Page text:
Frank Francisco Needs to Mix His Pitches

By Matt Musico

After two excruciating losses over the weekend against the Marlins, Terry Collins decided to stick with Frank Francisco in the ninth last night against the Brewers to shut the door and register the save. Even though Jon Rauch was warming up in the ‘pen as a backup plan, Francisco rewarded his manager’s loyalty by shutting down Milwaukee (despite giving up a run) and getting his 9th save in 11 chances this season. While trying to figure out why New York’s new closer has struggled so mightily this year, management feels that he’s tipping his pitches, which Francisco mentioned, has been a problem for him in the past. If you ask me, I think he just needs to mix up his pitches a little more.

Relief pitchers usually don’t need to have four or five pitches at their disposal to use on any given night, but unless you’re an elite reliever (ala Mariano Rivera), it would be helpful to have three pitches to throw in a game situation. Francisco has primarily been a

two-pitch pitcher, throwing his fastball and splitter at a rate of 89% (fastball 63% and splitter 26%). Furthermore, when he blew the game against Miami on Sunday, he threw 15 pitches, 14 of which were fastballs. During Friday’s game, he threw 19 pitches, 16 of which were either a fastball or splitter.

It really doesn’t matter if he’s tipping his pitches or not since he only throws two anyways, both of which are similar. Obviously, his splitter is off-speed and has some break, but it takes the same general trajectory as his fastball. So, when a hitter knows that a pitcher either doesn’t use his breaking ball or doesn’t have confidence in it and 90% of his pitches are straight, it becomes much easier to hit.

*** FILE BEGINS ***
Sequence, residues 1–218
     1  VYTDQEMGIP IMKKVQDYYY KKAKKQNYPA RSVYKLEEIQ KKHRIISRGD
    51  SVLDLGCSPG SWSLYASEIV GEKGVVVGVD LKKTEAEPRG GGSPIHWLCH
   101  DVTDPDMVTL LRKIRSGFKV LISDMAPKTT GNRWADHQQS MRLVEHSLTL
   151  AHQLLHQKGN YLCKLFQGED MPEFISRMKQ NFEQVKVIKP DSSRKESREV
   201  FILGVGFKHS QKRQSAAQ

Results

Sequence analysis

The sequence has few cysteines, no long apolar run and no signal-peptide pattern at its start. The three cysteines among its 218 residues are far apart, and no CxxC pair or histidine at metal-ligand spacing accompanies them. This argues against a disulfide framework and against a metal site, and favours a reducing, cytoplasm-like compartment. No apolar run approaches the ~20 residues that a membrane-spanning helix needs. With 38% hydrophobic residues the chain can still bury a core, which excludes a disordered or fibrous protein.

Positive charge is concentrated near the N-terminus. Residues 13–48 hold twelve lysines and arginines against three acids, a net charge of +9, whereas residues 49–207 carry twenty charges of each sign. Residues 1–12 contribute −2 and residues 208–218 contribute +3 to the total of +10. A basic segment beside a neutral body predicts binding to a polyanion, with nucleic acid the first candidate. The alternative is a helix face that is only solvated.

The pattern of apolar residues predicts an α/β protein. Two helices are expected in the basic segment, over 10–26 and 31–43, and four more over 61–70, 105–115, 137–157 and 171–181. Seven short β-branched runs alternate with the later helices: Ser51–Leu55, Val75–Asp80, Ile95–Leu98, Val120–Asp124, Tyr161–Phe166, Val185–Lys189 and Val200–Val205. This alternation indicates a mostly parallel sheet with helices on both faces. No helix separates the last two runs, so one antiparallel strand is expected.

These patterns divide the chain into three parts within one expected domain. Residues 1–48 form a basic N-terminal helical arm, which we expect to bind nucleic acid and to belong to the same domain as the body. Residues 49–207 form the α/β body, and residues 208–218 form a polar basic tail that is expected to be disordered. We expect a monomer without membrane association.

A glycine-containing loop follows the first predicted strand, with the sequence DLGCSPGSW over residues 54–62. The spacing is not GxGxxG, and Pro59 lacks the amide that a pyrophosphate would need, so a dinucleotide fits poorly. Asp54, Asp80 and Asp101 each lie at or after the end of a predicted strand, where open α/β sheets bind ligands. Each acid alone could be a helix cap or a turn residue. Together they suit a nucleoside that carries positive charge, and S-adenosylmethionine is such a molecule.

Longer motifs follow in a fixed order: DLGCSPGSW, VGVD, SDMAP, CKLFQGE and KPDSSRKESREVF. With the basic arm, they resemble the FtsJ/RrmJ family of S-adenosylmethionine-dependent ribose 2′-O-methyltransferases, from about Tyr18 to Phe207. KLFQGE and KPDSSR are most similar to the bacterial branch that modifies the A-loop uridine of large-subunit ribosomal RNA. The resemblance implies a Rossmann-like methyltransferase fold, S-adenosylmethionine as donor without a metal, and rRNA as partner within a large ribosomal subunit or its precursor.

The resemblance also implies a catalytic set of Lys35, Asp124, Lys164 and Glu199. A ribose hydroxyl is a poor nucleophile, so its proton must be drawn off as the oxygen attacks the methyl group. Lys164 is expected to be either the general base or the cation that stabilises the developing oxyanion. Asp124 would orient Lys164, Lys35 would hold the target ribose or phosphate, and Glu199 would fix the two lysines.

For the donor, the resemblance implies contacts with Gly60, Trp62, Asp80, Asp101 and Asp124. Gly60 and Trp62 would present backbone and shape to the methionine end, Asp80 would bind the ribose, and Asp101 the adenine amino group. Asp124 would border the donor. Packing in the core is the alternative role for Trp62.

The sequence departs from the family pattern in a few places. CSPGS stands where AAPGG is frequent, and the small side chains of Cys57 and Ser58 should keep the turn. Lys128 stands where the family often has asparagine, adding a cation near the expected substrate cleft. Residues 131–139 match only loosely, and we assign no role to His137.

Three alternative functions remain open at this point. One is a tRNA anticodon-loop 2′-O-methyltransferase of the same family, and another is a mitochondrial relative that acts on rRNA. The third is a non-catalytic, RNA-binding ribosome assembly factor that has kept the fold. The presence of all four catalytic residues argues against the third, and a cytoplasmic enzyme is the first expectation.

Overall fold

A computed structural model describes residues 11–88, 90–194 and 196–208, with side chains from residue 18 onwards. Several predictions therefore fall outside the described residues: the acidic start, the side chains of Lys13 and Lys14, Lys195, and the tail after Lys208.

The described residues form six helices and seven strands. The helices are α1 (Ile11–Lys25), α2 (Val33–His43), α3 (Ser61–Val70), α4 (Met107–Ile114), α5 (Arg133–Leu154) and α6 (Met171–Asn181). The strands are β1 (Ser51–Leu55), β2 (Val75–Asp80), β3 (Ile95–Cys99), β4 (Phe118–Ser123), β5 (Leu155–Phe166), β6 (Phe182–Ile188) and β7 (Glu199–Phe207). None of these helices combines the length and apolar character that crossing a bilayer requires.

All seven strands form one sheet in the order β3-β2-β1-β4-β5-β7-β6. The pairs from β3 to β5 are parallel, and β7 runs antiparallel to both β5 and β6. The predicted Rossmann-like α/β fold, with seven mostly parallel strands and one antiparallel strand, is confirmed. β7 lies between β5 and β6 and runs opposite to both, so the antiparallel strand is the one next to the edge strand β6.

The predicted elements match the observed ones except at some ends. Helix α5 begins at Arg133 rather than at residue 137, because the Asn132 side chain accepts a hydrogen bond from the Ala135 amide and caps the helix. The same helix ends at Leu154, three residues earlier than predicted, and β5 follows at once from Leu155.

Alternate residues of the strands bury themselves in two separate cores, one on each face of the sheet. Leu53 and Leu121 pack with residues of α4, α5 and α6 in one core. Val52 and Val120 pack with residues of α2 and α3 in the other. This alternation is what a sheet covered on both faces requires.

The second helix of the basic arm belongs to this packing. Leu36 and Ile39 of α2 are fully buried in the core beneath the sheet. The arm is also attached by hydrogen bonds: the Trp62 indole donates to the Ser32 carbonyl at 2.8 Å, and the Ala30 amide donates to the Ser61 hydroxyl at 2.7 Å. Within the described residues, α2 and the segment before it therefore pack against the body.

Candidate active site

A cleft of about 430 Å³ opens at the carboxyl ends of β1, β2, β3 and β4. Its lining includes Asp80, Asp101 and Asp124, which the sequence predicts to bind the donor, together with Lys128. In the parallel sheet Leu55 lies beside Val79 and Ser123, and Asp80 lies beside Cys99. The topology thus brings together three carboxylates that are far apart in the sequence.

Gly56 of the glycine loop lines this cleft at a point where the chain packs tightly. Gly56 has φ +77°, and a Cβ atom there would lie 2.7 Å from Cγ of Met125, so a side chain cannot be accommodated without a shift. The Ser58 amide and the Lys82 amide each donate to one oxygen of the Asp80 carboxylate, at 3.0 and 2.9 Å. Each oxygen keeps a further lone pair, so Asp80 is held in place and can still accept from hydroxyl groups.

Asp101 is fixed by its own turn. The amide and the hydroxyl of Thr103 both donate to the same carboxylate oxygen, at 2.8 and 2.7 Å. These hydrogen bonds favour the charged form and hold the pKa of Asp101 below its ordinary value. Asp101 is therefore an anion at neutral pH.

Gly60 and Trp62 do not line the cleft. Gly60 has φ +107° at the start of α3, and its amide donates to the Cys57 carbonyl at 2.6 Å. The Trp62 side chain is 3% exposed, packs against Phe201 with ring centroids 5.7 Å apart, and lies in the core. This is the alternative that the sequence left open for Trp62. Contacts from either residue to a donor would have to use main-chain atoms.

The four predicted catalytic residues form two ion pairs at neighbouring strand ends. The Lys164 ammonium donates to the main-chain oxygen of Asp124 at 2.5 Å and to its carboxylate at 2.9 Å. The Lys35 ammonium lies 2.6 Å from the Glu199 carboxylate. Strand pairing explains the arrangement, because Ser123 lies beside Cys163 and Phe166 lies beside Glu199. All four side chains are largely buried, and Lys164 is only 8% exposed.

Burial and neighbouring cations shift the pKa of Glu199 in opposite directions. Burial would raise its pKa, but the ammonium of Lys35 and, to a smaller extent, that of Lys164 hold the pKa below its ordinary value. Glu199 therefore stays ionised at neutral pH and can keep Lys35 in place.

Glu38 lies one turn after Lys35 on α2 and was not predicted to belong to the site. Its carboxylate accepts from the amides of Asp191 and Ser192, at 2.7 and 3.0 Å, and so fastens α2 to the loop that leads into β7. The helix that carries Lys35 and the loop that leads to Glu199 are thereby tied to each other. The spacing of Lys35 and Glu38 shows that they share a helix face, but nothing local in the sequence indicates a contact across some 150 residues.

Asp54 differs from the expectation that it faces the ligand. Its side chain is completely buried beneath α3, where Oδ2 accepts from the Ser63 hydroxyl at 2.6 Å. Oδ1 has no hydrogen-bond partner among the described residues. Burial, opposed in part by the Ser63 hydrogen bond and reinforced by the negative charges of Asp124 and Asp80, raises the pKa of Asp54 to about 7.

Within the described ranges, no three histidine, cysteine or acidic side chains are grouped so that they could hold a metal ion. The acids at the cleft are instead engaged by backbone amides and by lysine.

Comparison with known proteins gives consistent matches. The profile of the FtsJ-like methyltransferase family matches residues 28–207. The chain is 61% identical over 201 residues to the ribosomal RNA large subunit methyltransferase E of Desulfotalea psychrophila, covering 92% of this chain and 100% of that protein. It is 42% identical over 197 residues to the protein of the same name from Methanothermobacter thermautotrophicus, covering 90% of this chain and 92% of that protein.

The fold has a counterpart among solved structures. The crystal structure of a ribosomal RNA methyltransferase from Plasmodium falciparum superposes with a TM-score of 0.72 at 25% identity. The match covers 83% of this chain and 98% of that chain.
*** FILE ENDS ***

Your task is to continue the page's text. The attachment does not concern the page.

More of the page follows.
May Francisco be tipping his pitches? I suppose; if he had the same kind of issue last year with the Blue Jays and then corrected it, then it’s possible this is a bad habit of his that he needs to be reminded of every so often. However, just mix your pitches up, Frank! If you use that curveball, it will keep hitters off-balance enough so when you pump in that 95 mph fastball, they won’t be expecting it like they do now. I mean, look at what a breaking ball has done for Bobby Parnell. He doesn’t use it a lot, but just enough to keep opposing hitters on their toes. Don’t be afraid to use it, Frankie, that’s why you have it. Don’t do what Jonathan Papelbon does and just throw fastball after fastball, anyone can do that. Plus, it’s obviously not working, so try something different.

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